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    10hp is approximately 7500 watts

    you will need to oversize to handle startup current - probably a 15kW minimum if you need to start under load.

    look at a variable frequency drive to ramp up/down the speed - this will lower the oversize requirements.

    How about using hydraulics instead of electric?

    Aaron
     
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  7. MrEd

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    SOunds like I need to get better specs on the motor before I can get a better answer. I know it is single phase, but thats all.
     
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  8. TMonter

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    Single phase motors have very high startup current requirements, so be aware of that when sizing.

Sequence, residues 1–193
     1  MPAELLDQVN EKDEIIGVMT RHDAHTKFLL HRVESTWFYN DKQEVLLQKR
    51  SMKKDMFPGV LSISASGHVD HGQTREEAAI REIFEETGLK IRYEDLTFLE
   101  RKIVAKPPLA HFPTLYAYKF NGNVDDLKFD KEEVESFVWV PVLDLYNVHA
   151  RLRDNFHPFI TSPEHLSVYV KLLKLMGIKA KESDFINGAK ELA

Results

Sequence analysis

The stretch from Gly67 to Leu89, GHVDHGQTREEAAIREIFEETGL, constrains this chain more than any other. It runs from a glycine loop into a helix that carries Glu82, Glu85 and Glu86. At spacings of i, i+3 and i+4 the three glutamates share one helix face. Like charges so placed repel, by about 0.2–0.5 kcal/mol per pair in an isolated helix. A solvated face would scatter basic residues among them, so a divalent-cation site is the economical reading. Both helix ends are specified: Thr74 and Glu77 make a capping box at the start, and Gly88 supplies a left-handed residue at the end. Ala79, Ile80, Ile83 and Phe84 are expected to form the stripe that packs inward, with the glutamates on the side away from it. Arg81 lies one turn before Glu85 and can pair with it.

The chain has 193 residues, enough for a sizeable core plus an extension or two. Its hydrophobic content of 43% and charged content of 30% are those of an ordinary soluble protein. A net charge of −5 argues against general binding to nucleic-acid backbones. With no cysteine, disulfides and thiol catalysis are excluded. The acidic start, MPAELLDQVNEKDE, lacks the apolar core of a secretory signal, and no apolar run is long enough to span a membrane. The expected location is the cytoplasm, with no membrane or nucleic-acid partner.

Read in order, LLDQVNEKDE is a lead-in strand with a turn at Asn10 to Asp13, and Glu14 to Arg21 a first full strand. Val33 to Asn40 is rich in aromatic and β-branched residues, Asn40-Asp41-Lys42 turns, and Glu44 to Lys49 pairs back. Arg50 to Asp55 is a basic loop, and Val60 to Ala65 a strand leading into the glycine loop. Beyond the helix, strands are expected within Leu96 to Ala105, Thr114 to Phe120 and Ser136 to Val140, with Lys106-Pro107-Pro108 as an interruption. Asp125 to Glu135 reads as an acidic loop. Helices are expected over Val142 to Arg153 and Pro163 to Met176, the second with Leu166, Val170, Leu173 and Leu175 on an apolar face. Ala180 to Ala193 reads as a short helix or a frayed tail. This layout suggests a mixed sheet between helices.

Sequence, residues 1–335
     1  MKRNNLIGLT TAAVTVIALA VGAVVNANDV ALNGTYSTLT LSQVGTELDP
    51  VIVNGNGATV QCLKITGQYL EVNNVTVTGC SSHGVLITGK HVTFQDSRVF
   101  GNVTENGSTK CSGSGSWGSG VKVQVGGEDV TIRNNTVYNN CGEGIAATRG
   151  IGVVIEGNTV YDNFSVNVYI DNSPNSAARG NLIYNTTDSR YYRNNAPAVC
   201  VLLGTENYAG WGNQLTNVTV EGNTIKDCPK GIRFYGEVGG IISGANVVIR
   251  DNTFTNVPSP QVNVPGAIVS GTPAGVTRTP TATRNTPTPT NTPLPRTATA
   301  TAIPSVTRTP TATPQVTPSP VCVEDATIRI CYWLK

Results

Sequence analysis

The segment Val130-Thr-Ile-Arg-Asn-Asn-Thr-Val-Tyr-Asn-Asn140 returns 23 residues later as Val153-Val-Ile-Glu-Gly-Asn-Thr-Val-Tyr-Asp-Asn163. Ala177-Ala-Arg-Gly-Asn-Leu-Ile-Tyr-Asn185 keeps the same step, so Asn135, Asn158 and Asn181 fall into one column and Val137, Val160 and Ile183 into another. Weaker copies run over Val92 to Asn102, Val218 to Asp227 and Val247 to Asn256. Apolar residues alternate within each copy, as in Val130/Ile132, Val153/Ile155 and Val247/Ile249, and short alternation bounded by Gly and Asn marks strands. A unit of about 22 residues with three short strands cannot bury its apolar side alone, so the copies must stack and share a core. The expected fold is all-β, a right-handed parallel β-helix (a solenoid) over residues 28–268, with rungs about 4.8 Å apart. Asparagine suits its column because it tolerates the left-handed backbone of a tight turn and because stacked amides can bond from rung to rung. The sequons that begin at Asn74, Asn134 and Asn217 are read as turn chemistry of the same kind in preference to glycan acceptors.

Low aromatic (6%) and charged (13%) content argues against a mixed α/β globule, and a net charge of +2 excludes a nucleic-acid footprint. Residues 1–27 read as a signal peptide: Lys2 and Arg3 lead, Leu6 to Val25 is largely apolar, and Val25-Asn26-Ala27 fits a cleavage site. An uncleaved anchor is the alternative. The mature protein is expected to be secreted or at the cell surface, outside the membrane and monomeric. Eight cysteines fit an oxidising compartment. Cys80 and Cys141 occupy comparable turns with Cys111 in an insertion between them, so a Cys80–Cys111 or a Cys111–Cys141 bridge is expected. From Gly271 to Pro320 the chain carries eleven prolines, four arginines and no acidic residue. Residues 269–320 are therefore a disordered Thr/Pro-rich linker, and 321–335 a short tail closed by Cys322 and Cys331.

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  9. Danno77

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    the cost of a generator that big rivals the cost to have electrical run. is electric motor your only option? what's it running?
     
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  10. Highbeam

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    You can directly convert HP into watts. My HP calculator tells me that 10HP=7456.9987 watts. That's running watts and the startup current will be the bugger.

    Note that folks using little tiny 1 HP well pumps report needing no less than a 5000 watt genset even though 1HP = 745.6999 watts.